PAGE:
1 Proteomics Program, Novo Nordisk Foundation Center for Protein Research, Faculty of Health and Medical Sciences, Københavns Universitet2 unknown3 Proteomics Program, Novo Nordisk Foundation Center for Protein Research, Faculty of Health and Medical Sciences, Københavns Universitet
post-translational modification of the ING family of epigenetic regulators
The five human ING genes encode at least 15 splicing isoforms, most of which affect cell growth, differentiation and apoptosis through their ability to alter gene expression by epigenetic mechanisms. Since their discovery in 1996, ING proteins have been classified as type II tumour suppressors on the basis of reports describing their down-regulation and mislocalization in a variety of cancer types. In addition to their regulation by transcriptional mechanisms, understanding the range of PTMs (post-translational modifications) of INGs is important in understanding how ING functions are fine-tuned in the physiological setting and how they add to the repertoire of activities affected by the INGs. In the present paper we review the different PTMs that have been reported to occur on INGs. We discuss the PTMs that modulate ING function under normal conditions and in response to a variety of stresses. We also describe the ING PTMs that have been identified by several unbiased MS-based PTM enrichment techniques and subsequent proteomic analysis. Among the ING PTMs identified to date, a subset has been characterized for their biological significance and have been shown to affect processes including subcellular localization, interaction with enzymatic complexes and ING protein half-life. The present review aims to highlight the emerging role of PTMs in regulating ING function and to suggest additional pathways and functions where PTMs may effect ING function.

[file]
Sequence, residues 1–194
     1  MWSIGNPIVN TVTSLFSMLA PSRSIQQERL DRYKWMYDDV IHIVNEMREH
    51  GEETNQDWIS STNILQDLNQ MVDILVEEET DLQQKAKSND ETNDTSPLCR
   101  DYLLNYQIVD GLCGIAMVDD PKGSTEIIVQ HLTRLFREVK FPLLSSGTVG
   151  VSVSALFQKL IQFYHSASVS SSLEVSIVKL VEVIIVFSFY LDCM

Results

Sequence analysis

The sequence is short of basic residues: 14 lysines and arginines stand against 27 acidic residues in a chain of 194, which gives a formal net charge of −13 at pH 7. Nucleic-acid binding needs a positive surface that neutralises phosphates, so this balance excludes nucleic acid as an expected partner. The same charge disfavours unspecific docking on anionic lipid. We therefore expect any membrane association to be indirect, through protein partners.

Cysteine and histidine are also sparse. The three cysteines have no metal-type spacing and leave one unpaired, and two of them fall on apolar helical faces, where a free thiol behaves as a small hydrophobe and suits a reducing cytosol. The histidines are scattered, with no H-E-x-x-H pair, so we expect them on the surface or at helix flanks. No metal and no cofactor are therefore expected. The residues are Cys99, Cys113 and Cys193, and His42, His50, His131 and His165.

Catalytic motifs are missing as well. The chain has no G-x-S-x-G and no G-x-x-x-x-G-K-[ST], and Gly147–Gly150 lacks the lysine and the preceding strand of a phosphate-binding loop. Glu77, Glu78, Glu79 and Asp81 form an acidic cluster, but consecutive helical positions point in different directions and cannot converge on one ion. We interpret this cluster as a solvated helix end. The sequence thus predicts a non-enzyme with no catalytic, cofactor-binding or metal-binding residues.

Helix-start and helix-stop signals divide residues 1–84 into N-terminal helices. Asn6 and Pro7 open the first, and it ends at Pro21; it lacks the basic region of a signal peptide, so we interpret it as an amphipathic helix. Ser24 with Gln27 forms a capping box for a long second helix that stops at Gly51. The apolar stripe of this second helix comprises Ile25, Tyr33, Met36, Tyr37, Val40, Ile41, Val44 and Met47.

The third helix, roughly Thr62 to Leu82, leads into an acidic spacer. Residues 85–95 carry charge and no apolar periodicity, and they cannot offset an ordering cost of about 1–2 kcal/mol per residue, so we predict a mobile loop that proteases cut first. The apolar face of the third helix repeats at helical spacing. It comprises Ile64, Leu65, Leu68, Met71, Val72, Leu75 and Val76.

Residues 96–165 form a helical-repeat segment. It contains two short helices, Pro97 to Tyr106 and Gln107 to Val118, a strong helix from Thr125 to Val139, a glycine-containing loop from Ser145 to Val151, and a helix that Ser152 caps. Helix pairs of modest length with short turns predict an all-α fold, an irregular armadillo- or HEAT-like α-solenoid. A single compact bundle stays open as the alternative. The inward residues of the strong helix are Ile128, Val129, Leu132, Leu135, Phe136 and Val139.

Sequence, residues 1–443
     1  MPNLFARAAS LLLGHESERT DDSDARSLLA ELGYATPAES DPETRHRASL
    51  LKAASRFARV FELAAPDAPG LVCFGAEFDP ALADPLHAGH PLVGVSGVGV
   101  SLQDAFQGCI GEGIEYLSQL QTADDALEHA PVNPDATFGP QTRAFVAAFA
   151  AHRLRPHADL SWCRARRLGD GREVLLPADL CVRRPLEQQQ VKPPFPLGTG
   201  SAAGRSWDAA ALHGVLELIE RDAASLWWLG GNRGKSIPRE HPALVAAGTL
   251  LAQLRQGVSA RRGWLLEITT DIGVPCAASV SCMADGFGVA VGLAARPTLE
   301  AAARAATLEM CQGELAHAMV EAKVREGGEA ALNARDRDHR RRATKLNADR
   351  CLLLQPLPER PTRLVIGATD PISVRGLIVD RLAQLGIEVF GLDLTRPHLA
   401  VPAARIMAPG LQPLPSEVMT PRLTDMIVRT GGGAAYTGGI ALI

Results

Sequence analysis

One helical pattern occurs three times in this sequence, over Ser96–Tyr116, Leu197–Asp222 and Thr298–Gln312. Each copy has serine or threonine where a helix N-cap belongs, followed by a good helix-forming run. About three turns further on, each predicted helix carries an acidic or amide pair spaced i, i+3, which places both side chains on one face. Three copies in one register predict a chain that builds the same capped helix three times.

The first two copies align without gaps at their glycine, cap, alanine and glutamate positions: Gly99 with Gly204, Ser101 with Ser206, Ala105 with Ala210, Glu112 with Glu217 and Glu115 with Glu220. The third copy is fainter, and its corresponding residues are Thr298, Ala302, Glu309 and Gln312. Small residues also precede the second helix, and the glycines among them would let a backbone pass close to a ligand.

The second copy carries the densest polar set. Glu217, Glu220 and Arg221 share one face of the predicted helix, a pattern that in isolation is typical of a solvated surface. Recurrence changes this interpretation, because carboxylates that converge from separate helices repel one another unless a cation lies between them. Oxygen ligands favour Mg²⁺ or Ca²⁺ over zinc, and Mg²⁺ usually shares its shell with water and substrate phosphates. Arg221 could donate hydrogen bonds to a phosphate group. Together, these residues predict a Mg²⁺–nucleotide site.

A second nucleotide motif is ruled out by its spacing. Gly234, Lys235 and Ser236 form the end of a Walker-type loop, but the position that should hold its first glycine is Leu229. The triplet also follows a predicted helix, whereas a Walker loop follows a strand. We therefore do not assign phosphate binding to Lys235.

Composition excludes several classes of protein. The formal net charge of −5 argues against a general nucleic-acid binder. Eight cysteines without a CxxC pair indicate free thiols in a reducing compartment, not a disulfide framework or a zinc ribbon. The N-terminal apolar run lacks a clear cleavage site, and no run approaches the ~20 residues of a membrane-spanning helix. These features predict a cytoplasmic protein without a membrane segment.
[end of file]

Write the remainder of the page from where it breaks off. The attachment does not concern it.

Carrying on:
Biochemical Journal, 2013, Vol 450, Issue 3, p. 433-42
Animals; Chromatin Assembly and Disassembly; Epigenesis, Genetic; Homeodomain Proteins; Humans; Intracellular Signaling Peptides and Proteins; Models, Biological; Multigene Family; Nuclear Proteins; Protein Processing, Post-Translational; Tumor Suppressor Proteins